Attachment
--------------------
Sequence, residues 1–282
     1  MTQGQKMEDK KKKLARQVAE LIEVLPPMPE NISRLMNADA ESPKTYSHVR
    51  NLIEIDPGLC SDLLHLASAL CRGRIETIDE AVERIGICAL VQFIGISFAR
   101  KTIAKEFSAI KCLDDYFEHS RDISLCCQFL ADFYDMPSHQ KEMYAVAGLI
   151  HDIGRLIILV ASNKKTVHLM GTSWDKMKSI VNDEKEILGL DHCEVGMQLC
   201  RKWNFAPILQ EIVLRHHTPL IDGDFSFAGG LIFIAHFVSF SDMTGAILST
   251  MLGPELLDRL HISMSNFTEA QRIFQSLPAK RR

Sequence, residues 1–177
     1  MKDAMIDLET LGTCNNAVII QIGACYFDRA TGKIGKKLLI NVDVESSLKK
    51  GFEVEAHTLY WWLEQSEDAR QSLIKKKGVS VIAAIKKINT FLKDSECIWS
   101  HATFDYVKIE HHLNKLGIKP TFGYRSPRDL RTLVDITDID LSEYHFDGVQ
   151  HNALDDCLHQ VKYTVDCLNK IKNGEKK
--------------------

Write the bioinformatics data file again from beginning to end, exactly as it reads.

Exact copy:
Sequence, residues 1–282
     1  MTQGQKMEDK KKKLARQVAE LIEVLPPMPE NISRLMNADA ESPKTYSHVR
    51  NLIEIDPGLC SDLLHLASAL CRGRIETIDE AVERIGICAL VQFIGISFAR
   101  KTIAKEFSAI KCLDDYFEHS RDISLCCQFL ADFYDMPSHQ KEMYAVAGLI
   151  HDIGRLIILV ASNKKTVHLM GTSWDKMKSI VNDEKEILGL DHCEVGMQLC
   201  RKWNFAPILQ EIVLRHHTPL IDGDFSFAGG LIFIAHFVSF SDMTGAILST
   251  MLGPELLDRL HISMSNFTEA QRIFQSLPAK RR

Sequence, residues 1–177
     1  MKDAMIDLET LGTCNNAVII QIGACYFDRA TGKIGKKLLI NVDVESSLKK
    51  GFEVEAHTLY WWLEQSEDAR QSLIKKKGVS VIAAIKKINT FLKDSECIWS
   101  HATFDYVKIE HHLNKLGIKP TFGYRSPRDL RTLVDITDID LSEYHFDGVQ
   151  HNALDDCLHQ VKYTVDCLNK IKNGEKK